Turkey's political leaders discuss how to
end Kurdish insurgency
By Dorian Jones - VOA
June 7, 2012
Turkish Prime Minister Recep Tayyip Erdogan,
April 5, 2012.
— How to resolve a more than three-decade Kurdish
insurgency in Turkey was the topic of a rare meeting
Wednesday between the country's prime minister and
main opposition political leader.
The one-hour meeting between Turkey's Prime Minister
Recep Tayyip Erdogan and the leader of the main
opposition People's Republican Party Kemal
Kilicdaroglu was described as positive by both
sides. The talk focused on the opposition initiative
to bring an end to the insurgency by the Kurdistan
Workers Party, which says it is fighting for greater
One of the architects of the initiative, Farok
Logoglu, said the meeting was productive.
He says the opposition will be flexible in its
approach and is ready to negotiate.
The 10-point plan includes creating a cross-party
commission and a 12 person committee selected by the
four parliamentary parties.
The country's pro-Kurdish Peace and Democracy Party
BDP has already expressed its support. Ruling AK
Party Deputy Chairman Omer Celick welcomed the
initiative, but questioned how political consensus
can be achieved.
He said his party is in principle not against the
proposal that all parties participate in a
commission. But he said the biggest hurdle will be
getting all to participate. He said there well may
be strong opposition from the National Action Party,www.ekurd.net
but their participation is crucial.
Before Wednesday's meeting, the leader of the
pro-nationalist National Action Party, Devlet
Bahceli, condemned the intiative, saying it rewards
The conflict has escalated in recent months, with
the Kurdish PKK rebels stepping up operations. The
government has taken an increasingly tough stance
since its own Kurdish initiative ended in failure
and mutual recrimination.
In addition, during last year's general election
Prime Minister Erdogan courted the Turkish
nationalist vote with a tough stance against the PKK,
declaring there is only a terrorism problem. Since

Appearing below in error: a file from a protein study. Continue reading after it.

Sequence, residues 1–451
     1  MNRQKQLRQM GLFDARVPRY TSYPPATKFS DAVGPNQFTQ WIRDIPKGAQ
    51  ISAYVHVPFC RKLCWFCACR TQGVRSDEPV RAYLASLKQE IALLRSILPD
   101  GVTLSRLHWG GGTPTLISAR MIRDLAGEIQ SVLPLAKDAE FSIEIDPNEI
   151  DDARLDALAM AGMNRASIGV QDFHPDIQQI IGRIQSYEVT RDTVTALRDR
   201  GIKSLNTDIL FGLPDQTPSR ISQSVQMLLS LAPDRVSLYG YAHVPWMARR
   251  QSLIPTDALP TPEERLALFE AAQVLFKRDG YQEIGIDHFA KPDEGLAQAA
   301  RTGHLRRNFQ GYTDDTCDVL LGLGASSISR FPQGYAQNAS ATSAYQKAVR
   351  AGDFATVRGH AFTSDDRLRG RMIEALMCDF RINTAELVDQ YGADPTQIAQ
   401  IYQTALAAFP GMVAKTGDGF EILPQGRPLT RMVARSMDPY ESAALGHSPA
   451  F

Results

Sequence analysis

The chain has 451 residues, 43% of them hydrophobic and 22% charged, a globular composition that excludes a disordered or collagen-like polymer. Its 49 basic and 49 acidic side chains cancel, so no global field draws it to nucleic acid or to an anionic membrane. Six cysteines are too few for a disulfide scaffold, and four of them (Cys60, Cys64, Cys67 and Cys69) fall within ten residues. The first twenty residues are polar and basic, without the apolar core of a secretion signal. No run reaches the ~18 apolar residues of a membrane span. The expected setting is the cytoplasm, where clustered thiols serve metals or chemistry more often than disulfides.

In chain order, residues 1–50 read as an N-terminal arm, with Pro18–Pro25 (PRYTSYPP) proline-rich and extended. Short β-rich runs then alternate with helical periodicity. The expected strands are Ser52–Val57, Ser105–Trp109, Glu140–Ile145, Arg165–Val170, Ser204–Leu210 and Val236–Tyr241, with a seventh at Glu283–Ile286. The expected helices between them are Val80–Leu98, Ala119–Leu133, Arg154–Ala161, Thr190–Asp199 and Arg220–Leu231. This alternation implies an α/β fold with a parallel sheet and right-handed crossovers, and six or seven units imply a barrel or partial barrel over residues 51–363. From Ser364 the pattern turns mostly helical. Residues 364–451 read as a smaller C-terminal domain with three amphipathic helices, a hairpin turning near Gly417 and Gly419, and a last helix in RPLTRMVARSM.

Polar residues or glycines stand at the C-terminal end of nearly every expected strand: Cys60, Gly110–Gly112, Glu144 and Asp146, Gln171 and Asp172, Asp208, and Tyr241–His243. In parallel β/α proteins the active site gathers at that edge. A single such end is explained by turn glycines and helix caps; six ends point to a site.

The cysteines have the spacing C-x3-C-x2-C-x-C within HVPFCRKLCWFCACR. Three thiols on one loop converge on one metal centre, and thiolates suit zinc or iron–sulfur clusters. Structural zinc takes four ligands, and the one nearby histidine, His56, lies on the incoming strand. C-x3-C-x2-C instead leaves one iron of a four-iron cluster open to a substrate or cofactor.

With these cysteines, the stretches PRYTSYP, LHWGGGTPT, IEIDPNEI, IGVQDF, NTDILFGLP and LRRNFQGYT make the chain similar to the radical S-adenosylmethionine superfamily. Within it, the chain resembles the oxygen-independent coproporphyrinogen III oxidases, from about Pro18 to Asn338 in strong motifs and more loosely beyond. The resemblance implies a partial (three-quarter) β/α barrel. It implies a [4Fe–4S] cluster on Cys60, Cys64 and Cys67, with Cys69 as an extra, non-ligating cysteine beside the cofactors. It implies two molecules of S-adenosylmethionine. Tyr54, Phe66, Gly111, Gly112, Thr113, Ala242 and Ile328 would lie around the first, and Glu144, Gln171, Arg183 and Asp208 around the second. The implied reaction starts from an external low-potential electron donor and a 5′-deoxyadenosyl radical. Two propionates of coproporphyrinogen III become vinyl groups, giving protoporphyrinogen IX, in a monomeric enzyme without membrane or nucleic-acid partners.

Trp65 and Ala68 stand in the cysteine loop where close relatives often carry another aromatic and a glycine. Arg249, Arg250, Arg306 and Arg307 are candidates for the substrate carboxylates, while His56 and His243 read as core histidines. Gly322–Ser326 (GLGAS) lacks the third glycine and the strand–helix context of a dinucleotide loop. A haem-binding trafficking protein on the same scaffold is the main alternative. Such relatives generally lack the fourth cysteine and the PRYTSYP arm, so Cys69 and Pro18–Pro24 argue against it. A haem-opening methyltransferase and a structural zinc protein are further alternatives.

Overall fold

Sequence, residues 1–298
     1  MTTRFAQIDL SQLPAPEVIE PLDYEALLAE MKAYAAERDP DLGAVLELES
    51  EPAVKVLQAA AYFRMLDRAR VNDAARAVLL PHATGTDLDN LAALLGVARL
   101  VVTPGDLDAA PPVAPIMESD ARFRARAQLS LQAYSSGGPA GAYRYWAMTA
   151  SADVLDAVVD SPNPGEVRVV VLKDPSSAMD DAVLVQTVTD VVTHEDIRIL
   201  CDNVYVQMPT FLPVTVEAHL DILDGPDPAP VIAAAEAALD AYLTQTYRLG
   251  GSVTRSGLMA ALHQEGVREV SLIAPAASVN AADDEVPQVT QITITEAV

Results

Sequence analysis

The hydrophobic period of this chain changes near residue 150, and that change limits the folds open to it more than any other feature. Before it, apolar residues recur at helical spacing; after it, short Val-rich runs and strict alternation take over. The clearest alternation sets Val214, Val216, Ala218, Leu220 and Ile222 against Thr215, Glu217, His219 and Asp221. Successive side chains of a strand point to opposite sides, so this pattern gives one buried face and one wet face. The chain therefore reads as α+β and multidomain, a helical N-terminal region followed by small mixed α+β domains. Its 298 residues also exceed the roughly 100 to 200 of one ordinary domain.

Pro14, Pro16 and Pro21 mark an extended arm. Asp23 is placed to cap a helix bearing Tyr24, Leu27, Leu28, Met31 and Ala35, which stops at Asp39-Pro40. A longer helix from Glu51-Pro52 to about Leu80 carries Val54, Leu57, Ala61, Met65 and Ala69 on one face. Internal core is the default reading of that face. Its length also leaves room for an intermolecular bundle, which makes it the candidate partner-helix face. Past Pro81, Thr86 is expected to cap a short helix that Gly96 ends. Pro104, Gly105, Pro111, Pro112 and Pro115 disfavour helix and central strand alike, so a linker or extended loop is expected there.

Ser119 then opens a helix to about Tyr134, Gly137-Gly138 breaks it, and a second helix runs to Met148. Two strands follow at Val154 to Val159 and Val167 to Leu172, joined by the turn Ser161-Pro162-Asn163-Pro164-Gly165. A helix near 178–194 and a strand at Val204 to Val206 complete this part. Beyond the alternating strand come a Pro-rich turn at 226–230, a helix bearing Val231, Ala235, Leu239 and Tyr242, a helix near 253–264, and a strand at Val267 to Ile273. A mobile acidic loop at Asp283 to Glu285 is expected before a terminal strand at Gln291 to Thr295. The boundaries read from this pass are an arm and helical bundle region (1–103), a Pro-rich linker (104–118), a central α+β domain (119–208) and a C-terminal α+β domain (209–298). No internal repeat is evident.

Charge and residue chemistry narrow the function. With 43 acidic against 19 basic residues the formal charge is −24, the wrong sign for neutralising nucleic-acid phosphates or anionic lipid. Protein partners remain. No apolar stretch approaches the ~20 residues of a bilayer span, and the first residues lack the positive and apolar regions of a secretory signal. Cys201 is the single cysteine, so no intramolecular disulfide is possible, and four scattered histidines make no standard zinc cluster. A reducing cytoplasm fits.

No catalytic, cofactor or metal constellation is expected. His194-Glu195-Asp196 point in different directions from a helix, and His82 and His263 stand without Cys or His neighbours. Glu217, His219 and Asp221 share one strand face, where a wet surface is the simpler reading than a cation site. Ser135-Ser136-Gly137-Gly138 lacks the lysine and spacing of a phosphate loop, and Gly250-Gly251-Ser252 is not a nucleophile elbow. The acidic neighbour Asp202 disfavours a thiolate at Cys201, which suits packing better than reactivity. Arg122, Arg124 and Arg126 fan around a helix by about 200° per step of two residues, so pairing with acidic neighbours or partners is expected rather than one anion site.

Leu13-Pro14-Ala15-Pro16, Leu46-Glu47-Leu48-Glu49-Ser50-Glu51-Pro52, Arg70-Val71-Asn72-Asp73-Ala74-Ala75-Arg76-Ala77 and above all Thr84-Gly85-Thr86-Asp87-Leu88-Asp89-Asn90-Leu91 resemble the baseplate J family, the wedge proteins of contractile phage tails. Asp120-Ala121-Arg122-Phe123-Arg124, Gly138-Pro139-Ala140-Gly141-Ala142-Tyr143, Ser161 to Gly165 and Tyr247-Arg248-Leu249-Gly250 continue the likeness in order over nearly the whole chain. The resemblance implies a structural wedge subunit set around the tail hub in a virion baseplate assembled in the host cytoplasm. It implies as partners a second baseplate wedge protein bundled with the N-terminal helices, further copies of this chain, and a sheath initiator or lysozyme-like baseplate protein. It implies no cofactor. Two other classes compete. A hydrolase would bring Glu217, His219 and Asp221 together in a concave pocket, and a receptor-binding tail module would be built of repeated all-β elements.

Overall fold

his victory he has maintained that position.
But political columnist Asli Aydintasbas of the
Turkish newspaper Milliyet says this is the first
opposition initiative on the Kurdish issue.
"This is the first time they [are] actually being
progressive and taking the Kurdish issue and forcing
the government to sit down and start thinking of
ways to address that. The two leaders really do not
like each other, but sometimes things have the
dynamics of their own. It may just change the
atmosphere and climate in the country," Aydintasbas
Another factor driving the initiative may be growing
regional turmoil. Turkey's predominantly Kurdish
southeast borders Syria and Iraq, which also have
large Kurdish minorities.
Kadir Has University international-relations expert
Soli Ozel says Ankara needs a new approach as the
country's Kurdish problem is no longer just a
"Iraqi Kurds, in all but name, are independent.
Syrian Kurds are going to have a different status no
matter how the debacle in Syria ends. And the
Kurdish issue has become a trans-national, regional
issue, a trans-border issue, and with an increasing
level of national consciousness," Ozel said.
Ankara has accused Damascus of giving PKK rebels a
free hand in its territory. The ruling AK party has
warned the latest initiative to end the insurgency
should be given weeks, not months, to achieve
political consensus. Observers say that maybe
difficult, but with the region facing growing
turmoil the pressure to end the insurgency is likely
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